Getting Communications Ready at Anchorage Race Headquarters

Are you watching the countdown timer? In just 5 days, the Last Great Race will begin for the 47th time. And preparation continues at a frenetic but organized speed these days. Because race headquarters is based at the Lakefront Hotel during the race, much of the infrastructure can’t be set up until shortly before the race. Last Thursday, under the direction of Stu Nelson, chief veterinarian, Jennifer, race communications coordinator, and Reece, race communications, a small group went to several units at a Wasilla storage facility and loaded up a U-Haul truck with education department, veterinary, and communications supplies. In Anchorage, more volunteers met the truck and helped unload it.



Since then, and behind the scenes, trail and Anchorage communications systems are being completed.


Sunday, February 24, was the first available day of COMMS training for folks working here in Anchorage as well as those going out on the trail.



Communication takes on many meanings when in remote, rural Alaska. Teams of 2 volunteers go out to each checkpoint with 1 to 2 boxes of equipment and serve as a communication team. To put it briefly, their role is to take in and send out all pertinent race information. Trust me, they also do a whole lot of other things which I will write about later, but here are some highlights.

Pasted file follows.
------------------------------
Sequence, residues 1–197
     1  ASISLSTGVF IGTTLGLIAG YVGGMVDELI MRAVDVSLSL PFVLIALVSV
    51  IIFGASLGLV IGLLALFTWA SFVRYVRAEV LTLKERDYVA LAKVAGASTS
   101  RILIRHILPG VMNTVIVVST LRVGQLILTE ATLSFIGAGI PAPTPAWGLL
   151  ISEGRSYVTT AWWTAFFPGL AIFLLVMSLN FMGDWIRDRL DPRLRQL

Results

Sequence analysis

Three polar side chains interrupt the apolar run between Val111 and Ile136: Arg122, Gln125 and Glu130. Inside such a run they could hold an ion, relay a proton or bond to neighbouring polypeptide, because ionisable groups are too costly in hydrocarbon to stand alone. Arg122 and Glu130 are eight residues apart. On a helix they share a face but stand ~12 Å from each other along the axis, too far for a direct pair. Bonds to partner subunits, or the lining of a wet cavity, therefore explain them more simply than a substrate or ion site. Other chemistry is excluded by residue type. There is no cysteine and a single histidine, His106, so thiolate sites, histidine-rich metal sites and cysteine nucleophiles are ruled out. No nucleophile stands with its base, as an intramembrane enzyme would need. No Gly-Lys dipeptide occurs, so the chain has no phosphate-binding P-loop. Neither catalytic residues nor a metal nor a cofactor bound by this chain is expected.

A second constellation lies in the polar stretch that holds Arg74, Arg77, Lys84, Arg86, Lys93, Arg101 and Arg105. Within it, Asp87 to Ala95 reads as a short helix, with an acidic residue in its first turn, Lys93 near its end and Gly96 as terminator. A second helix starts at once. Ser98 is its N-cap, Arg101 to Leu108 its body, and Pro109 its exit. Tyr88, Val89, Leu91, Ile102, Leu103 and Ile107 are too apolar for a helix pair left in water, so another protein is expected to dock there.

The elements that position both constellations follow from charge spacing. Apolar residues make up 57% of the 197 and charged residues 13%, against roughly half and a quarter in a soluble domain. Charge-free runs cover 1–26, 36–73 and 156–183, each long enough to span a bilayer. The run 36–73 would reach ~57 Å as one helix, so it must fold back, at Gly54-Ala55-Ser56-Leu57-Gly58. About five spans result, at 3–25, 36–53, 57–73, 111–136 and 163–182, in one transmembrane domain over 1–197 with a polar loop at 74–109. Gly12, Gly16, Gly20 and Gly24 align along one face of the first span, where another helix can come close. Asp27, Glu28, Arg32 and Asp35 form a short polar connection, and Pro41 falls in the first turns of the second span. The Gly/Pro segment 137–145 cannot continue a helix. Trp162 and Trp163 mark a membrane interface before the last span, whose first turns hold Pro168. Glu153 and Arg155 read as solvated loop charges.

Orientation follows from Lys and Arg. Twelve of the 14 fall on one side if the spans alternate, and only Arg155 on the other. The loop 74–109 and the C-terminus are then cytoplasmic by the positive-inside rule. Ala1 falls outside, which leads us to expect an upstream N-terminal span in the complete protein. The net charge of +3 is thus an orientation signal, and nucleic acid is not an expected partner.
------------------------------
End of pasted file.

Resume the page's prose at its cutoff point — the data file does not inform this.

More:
You know all that great data you love to see updated at each checkpoint? That is one example of a communication volunteer’s work.


Multiple times a day, dog, musher, and race personnel information is communicated to the to the entities that need it. This may include Anchorage communications folks, other checkpoints, pilots, logistics coordinators, race judges, communications coordinators Reece and Jennifer, Stu Nelson, and Mark Nordman. Iditarod knows where every living being officially involved in the race is each day.


In this day and age of advanced technology, transmission is a challenge in the uninhabited and remote parts of Alaska. Along the route, communication can range from a satellite phone, cell phone, plug into the wall phone, to Internet access. No matter the level of device, though, transmission can be a challenge which volunteers out there are trained to resolve.


The Iditarod Trail Committee is dedicated to musher and dog safety and providing the world with accurate and up to date race information.